This June brings our film club’s doppelgängers and doubles themed mini series to an end, and what better film to finish the series with than Alfred Hitchcock‘s 1958 thriller Vertigo.
The film likely needs no introduction here, as it’s consistently ranked as one of the greatest movies ever made. It’s also one of those films that are continually discussed and dissected, and its reputation seems to have only increased as more time has passed since its release. Fairly lukewarmly received at the time of its release, Vertigo underwent something of a critical re-evaluation in the 1980s.
Hitchcock, a little like Kurosawa, was quite obsessed with the double motif, and many of his films feature mirroring characters and setups. That said, I can’t claim to be an expert on matters Hitchockian, so I would rather point you to the following articles, which all explore this theme in Hitchcock’s films in more detail:
- Doubles and Doppelgangers in Hitchcock
- The Double Motif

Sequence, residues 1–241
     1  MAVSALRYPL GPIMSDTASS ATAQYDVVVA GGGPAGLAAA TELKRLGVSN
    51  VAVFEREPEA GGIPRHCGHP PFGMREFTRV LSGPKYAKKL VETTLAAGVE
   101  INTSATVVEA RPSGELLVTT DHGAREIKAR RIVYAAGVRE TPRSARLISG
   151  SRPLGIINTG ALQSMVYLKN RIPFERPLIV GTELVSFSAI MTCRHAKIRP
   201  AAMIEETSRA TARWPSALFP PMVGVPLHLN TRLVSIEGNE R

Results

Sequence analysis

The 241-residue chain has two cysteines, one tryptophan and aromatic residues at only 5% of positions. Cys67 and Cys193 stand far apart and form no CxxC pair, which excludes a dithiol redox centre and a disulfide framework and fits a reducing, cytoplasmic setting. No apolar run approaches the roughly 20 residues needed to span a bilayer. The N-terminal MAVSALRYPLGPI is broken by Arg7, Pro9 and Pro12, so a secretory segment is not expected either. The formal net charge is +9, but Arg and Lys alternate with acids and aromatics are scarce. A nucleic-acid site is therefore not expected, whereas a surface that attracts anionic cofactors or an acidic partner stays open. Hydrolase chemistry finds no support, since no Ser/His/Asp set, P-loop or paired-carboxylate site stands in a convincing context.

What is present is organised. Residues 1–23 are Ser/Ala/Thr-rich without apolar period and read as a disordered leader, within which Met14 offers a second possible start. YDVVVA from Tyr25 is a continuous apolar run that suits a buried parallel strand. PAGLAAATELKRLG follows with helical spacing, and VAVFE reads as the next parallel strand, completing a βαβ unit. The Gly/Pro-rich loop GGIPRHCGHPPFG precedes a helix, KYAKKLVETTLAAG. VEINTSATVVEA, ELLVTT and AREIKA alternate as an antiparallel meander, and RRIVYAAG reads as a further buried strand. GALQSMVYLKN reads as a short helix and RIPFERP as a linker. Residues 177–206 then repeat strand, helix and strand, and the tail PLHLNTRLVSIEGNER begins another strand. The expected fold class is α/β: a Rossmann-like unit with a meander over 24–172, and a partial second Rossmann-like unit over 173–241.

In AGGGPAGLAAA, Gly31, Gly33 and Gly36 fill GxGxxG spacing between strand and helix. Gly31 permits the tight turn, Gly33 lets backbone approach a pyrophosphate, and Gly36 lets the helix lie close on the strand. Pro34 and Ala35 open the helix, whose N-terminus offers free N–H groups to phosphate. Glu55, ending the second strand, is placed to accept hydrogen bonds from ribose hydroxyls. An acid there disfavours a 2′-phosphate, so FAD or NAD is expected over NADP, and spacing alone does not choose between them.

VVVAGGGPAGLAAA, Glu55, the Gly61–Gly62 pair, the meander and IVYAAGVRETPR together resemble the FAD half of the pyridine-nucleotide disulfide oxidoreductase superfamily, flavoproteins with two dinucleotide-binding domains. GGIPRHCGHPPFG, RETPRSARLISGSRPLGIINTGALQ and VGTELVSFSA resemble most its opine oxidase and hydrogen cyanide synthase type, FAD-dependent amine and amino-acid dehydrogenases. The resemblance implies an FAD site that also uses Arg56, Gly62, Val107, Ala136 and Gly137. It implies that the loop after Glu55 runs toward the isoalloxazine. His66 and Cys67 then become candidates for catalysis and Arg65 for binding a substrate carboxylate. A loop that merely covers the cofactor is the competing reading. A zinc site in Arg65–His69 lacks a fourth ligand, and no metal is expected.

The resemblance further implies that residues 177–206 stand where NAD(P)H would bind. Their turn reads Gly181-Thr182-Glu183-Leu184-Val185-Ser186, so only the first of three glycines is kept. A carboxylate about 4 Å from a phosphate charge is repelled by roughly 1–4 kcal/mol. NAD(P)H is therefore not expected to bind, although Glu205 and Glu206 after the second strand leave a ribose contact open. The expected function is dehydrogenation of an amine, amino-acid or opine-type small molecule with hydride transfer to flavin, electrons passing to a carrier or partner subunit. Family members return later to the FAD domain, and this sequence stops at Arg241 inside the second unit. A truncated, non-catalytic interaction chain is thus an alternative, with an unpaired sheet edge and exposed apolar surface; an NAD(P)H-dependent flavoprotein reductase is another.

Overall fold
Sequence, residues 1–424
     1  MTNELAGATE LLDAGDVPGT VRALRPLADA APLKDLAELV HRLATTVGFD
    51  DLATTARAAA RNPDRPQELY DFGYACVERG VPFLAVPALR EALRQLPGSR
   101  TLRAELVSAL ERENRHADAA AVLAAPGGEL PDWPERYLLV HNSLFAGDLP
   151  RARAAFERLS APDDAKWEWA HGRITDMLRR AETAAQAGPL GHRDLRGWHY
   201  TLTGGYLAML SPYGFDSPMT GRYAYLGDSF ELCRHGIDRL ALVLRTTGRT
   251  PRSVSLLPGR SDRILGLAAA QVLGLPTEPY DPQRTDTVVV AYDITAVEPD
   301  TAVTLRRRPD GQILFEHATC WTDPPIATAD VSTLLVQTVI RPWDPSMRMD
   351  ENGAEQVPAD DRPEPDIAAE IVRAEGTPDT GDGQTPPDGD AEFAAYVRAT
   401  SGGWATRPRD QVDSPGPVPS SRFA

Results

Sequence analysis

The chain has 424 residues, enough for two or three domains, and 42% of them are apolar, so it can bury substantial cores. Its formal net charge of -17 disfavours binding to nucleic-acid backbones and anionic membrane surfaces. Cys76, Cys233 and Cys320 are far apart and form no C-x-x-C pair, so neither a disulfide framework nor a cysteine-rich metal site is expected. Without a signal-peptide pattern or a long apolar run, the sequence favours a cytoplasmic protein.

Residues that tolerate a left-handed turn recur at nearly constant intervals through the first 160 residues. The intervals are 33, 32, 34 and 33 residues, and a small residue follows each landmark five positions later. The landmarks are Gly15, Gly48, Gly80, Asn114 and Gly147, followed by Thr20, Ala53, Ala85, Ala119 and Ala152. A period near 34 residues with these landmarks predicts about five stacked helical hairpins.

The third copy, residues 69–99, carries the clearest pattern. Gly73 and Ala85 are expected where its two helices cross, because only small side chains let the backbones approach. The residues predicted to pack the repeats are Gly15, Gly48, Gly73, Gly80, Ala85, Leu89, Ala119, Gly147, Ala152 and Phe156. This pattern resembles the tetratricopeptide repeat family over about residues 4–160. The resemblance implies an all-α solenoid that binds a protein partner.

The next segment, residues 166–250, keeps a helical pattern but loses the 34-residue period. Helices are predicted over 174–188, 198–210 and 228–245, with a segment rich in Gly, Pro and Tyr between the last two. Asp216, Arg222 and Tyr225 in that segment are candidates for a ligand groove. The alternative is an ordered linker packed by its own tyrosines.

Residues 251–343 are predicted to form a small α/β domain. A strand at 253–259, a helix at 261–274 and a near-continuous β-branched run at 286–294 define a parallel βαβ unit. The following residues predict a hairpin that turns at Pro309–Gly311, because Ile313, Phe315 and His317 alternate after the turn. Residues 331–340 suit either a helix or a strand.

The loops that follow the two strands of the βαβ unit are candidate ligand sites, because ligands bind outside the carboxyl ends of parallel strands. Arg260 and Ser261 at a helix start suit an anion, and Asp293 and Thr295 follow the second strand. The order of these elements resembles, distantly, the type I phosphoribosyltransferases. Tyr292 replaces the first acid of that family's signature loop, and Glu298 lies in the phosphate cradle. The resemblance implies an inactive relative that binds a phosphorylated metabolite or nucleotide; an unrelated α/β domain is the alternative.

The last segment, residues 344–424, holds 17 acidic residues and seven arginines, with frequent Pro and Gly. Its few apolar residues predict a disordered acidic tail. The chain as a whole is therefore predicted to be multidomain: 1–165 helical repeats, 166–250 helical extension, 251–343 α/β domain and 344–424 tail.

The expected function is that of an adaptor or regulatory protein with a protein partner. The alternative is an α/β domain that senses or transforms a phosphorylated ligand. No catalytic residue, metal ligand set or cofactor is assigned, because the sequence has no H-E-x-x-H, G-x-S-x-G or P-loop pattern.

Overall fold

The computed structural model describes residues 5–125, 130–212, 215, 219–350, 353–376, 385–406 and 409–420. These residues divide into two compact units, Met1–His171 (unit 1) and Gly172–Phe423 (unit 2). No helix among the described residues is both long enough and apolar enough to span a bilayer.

- Doubles in Hitchcock Films
- Hitchcock’s Queer Doubles
- Our Mirror Selves: The Hitchcock Double
There is, of course, far more to Vertigo that just doubles. It is a film about obsession, observation, guilt and delusion. It has been interpreted as both a misogynist and a feminist deconstruction, among other things. It’s a lot of things to a lot of people. What is it to you? Leave your thoughts below in the comments, or open a new forum topic to explore more specific ideas.
Vertigo is widely available and should be fairly easy for you to get hold of, wherever in the world you are. As always, check Google Play, YouTube rentals, iTunes, Amazon and other retailers.